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News Releases

For Immediate Release

Children’s Hospital of Pittsburgh Named Center of Excellence for Autoimmunity by the National Institutes of Health

Children’s will head multi-million dollar grant - One of only nine in the U.S.

A Children’s Hospital of Pittsburgh physician is one of only nine researchers in the United States selected by the National Institutes of Health (NIH) to lead a $51 million effort to fight autoimmune diseases.

Massimo Trucco, MD, director of the Division of Immunogenetics at Children’s Hospital of Pittsburgh, was awarded a 5-year grant from the NIH to expand research on new immune-based therapies for autoimmune diseases. These centers will enhance interactions between scientists and clinicians in order to accelerate the translation of research findings into medical applications. Autoimmune diseases afflict between 14 and 22 million Americans.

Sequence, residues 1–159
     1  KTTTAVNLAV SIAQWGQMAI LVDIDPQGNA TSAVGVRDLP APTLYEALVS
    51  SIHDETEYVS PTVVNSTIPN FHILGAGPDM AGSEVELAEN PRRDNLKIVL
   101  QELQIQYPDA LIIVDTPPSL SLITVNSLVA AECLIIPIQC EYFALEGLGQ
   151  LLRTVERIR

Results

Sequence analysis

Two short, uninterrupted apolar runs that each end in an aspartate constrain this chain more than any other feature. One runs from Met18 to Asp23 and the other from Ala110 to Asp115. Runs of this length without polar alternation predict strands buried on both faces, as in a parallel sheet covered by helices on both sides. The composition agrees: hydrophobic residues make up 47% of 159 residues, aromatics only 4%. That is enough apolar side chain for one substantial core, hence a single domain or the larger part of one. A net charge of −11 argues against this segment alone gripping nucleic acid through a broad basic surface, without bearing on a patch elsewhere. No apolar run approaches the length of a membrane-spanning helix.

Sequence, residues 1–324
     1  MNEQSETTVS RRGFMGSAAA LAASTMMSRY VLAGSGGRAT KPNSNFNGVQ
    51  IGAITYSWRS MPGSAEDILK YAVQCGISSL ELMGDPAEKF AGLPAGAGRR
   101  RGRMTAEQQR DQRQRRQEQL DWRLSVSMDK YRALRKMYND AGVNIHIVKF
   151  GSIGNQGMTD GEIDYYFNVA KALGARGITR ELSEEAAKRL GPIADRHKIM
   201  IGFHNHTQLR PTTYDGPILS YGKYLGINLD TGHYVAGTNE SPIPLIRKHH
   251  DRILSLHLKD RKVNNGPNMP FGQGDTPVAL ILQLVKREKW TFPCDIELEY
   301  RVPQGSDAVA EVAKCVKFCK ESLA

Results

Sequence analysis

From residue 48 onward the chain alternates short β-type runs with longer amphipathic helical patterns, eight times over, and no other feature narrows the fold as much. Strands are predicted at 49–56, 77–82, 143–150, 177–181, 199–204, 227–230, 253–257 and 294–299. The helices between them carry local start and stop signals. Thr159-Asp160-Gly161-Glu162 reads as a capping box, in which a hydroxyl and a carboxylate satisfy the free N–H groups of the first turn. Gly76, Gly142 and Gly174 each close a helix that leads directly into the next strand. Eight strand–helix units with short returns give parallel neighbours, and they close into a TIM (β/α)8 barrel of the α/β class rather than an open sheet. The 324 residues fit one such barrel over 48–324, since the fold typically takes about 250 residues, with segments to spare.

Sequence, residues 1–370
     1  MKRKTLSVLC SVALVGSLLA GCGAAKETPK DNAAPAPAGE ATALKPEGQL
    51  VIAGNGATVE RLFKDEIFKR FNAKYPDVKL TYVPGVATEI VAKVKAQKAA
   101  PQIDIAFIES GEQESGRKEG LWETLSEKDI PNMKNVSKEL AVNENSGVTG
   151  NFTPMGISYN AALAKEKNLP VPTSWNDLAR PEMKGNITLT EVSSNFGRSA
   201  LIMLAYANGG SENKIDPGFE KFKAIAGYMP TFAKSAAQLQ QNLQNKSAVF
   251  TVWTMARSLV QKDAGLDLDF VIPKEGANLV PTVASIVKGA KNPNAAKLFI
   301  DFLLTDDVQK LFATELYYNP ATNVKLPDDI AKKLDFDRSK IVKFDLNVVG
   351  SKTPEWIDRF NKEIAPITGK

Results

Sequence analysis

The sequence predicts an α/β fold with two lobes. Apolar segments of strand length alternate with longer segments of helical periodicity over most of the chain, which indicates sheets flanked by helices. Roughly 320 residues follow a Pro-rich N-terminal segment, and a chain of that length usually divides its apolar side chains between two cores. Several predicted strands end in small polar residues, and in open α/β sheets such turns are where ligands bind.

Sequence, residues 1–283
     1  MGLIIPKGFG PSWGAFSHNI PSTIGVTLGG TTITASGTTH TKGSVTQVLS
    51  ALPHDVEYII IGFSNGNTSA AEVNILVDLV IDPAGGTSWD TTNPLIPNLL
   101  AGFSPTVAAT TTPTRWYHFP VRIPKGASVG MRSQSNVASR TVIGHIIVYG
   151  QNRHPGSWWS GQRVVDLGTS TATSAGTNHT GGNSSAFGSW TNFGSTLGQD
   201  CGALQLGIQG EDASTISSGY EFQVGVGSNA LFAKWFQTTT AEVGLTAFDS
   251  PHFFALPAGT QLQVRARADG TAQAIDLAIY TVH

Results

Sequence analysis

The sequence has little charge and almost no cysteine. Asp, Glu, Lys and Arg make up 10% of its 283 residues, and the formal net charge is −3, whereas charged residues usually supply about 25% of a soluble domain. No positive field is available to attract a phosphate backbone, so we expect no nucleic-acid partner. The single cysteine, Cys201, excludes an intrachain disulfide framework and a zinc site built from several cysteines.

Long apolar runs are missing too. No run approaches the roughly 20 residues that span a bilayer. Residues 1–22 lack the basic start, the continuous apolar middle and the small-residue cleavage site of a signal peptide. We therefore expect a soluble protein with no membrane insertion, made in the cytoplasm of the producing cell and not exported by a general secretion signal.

“To our patients, this new center will offer the guarantee that state-of-the-art therapeutic procedures are validated by a multi-center effort,” said Dr. Trucco, who also is the Hillman Professor of Pediatric Immunology at Children’s. “It is an important public health concern and a coordinated approach means improving and accelerating potential treatments.”

The centers will help support the following:

  • More accurately determine the burden of autoimmune diseases in the United States and the number of deaths that result from them
  • Research to identify the genetic and environmental factors that lead to autoimmune diseases
  • A centralized clinical research network with multi-institutional clinical trials of potential treatments
  • New training opportunities for professionals and new public education campaigns

Autoimmune diseases are caused by the misdirection of an immune response toward the body’s own tissue. The principal role of the immune system is to defend against infection. The body has safeguards to prevent the immune system from attacking its own tissue, but when these safeguards are breached, an autoimmune disease can result.

The centers will enable a wider range of autoimmune diseases to be studied as it facilitates collaboration and draws on the expertise of a larger network of scientists and physicians. Other institutions also awarded grants include: Columbia University, Duke University and the University of California at San Francisco.

Melanie Finnigan, 412-692-5016,
Marc Lukasiak, 412-692-5016,

Last Update
February 19, 2008
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Last Update
February 19, 2008